The big, punishing, veteran defensemen who carried North Dakota to the Frozen Four in 2005 are long gone.
According to some, the group replacing them is less physical, more finesse-oriented and too inexperienced to replace what UND lost last season. So if that’s the case, why is this year’s Sioux team giving up the exact same number of goals per game — 2.29 — as last year?
It’s a startling statistic, given that this year’s version of the Sioux has played the entire season with four freshman defensemen and a sophomore who saw limited ice time the previous season.
“It’s a pleasant surprise to see how good we’ve become over the year,” said junior defenseman and team captain Matt Smaby, a second-round draft choice of the Tampa Bay Lightning. “We’ve had our ups and downs. We’ve had our bad games. We do have a great goalie behind us, and that helps a lot.”
Certainly the stellar play of junior goalie Jordan Parise (.933 save percentage, 2.08 GAA) has helped. But another part is Smaby himself, who provided associate head coach Brad Berry with a 6-5, 220-pound building block around which the defense could be reconstructed.
“Matt’s evolved into a well-rounded player now, not only defensively, but he also gives you that an offensive element with a big, booming shot from the point,” Berry said. “That comes from being here for a few years and learning from players who have gone before him. He’s doing a great job for us.”
Smaby not only took over as the physical force replacing big, bad Matt Greene, who left UND a year early to play with the Edmonton Oilers, but he also took over Greene’s leadership role.
“This year, it’s my job to lead and show the way,” Smaby said. “That’s what I tried to do right off the bat, show the younger guys what I’d learned. I could relate to what a lot of them went through coming right out of high school and jumping right into the college level. I just tried to share my experiences and help in whatever way I could.”
Of course, it also helped that the incoming freshmen were high-caliber players. Brian Lee and Joe Finley are NHL first-round draft choices of the Ottawa Senators and Washington Capitals, respectively. Taylor Chorney is a second-round draft choice of the Edmonton Oilers.
Zach Jones, whose brother Matt played four years at UND before turning pro last year, is a product of the U.S. National Development Team. Sophomore Kyle Radke was the 2003-04 defenseman of the year in the Canadian Alberta Junior Hockey League.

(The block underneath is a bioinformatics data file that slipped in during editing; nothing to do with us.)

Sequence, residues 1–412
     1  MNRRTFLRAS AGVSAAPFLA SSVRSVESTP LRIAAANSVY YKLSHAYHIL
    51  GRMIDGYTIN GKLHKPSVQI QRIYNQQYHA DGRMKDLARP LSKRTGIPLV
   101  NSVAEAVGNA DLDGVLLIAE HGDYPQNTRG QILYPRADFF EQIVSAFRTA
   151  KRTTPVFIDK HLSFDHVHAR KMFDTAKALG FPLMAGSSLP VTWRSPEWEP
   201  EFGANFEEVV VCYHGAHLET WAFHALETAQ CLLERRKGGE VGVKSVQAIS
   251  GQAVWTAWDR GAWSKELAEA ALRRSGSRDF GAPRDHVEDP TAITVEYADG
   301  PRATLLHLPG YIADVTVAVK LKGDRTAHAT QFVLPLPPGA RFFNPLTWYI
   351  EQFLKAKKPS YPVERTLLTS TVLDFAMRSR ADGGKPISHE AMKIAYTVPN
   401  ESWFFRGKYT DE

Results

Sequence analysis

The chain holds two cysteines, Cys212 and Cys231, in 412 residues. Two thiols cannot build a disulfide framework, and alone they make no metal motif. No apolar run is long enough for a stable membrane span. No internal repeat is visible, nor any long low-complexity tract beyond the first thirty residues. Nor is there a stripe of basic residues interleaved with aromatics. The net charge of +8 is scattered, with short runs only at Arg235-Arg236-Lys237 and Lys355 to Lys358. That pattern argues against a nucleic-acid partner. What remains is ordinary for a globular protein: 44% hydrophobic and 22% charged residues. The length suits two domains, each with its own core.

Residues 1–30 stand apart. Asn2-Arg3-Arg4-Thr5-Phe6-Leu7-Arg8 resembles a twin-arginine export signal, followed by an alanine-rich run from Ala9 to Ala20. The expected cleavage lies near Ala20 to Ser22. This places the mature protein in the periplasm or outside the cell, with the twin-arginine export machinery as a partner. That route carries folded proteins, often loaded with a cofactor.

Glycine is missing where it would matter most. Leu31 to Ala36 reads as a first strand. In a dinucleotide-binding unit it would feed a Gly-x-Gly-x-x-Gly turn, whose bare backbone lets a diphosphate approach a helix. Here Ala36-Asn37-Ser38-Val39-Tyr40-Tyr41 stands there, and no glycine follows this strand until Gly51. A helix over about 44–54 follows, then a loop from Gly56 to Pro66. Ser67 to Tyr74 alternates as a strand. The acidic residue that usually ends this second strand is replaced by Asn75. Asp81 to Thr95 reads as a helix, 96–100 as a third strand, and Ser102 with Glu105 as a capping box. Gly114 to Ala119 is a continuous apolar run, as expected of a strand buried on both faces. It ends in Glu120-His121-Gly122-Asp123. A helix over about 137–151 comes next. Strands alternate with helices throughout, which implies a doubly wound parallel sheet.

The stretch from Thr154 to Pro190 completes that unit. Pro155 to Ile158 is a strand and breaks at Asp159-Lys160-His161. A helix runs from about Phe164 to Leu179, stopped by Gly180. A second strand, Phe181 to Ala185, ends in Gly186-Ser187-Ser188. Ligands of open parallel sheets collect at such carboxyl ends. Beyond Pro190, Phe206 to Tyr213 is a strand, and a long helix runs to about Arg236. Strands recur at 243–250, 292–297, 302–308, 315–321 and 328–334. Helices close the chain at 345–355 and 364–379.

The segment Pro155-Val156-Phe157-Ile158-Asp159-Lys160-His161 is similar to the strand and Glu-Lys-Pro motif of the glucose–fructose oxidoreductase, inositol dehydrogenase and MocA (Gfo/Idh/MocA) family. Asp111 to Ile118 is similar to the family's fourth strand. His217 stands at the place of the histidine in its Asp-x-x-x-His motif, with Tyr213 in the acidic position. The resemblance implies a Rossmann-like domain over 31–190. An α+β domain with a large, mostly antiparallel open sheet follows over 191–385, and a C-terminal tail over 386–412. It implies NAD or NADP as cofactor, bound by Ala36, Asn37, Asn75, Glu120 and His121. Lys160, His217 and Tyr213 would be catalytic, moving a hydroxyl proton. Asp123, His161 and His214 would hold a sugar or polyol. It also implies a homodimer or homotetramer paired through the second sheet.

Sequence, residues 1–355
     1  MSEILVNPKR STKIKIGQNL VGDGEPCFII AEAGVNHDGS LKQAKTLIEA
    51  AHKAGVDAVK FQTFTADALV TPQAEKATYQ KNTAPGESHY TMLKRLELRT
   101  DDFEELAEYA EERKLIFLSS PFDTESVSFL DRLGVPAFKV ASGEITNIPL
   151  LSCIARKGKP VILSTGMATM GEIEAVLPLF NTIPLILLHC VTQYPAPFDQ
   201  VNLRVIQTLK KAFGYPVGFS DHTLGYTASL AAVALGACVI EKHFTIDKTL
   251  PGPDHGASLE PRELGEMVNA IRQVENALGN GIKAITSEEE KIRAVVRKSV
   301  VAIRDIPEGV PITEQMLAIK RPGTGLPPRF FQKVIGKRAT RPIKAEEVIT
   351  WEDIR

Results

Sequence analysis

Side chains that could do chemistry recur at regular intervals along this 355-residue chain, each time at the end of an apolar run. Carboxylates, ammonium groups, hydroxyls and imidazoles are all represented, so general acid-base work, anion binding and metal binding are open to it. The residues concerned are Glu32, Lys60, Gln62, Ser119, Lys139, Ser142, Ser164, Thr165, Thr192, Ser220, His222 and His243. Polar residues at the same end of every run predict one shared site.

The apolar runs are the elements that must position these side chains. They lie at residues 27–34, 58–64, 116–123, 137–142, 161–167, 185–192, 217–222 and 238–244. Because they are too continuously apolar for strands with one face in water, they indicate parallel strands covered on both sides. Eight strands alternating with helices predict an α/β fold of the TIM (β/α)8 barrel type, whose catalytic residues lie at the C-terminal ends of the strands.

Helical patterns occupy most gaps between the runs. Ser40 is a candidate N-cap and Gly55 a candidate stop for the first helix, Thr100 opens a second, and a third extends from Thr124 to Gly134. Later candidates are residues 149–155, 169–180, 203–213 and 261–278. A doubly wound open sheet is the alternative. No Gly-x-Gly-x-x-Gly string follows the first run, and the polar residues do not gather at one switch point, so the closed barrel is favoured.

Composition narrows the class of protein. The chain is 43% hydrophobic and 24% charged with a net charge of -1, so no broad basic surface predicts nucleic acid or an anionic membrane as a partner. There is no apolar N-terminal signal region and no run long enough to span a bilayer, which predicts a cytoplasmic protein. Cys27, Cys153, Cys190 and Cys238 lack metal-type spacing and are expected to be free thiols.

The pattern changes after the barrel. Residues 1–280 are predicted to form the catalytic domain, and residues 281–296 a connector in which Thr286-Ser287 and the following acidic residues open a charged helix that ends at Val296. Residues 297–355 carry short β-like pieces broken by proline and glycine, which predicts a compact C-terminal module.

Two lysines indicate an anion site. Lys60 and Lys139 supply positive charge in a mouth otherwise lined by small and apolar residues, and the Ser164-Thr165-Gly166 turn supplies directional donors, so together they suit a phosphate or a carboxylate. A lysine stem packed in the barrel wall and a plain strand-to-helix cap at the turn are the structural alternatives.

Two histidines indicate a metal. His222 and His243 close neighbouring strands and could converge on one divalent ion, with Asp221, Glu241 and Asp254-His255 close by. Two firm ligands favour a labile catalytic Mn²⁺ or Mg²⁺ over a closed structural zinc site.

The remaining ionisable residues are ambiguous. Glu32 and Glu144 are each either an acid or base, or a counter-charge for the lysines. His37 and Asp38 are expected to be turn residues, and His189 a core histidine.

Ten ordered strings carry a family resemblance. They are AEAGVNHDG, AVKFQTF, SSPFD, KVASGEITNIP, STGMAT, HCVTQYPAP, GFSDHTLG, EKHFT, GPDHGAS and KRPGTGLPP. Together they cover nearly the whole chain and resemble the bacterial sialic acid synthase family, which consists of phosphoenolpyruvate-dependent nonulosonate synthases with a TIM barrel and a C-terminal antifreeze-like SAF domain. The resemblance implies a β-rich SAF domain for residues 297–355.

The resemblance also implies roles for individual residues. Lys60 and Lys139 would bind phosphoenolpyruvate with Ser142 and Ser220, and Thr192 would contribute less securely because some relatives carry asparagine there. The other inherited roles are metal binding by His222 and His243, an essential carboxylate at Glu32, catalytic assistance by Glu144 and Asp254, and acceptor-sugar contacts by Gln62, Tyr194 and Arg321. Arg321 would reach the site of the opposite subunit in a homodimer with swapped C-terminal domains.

“As a group, I think we have a lot of chemistry together,” Smaby said. “We’re able to work through things in the game and during practice. I think that helps a lot. Just having a good feeling around each other, it really boosts everyone’s confidence.”
Lee said that Smaby is the type of player who leads by example.
“It’s not so much what he’s says, it’s just watching him out there on the ice,” Lee explained. “He can close the gap quickly on somebody. He has great poise with the puck, coming up the ice and making breakout passes. You learn just by watching him compete because he’s a great player.”
While head coach Dave Hakstol spent much of the season juggling his lines to find the right chemistry between UND’s forwards, Berry said a decision was made early in the season to keep the defensive pairs together.
“There was a little method to our madness as far as the defensive pairings,” he said. “You have Smaby and Jones, who are very good defensively and very strong in their end of the rink. You have Chorney and Lee, who give you a little bit of offensive element, and yet they’re very good defensively, too. We have Kyle Radke, who played last year and is a veteran, helping Joe Finley out.
“The good thing is that they were consistent all year, they’ve been together all year and they know the basic tendencies of what each player’s going to do. I think it’s very important that we did keep them together for most of the year,” Berry said.
Smaby is in complete agreement with the coaching staff’s reasoning.
“It’s nice to know who you’re playing with every game,” he said. “It’s a lot easier to adjust to their play when you know you’re going to play with them for a long time. You can learn a lot about your partner right away and work together. It’s been nice not having to change and adjust.”
So will UND’s young defensive corps be exposed by the high level of competition in the 2006 Frozen Four? Berry doesn’t think so.
“I don’t really hold them as freshmen at this time of year,” he said. “They’ve been through a lot of wars, and they’re ready to go.”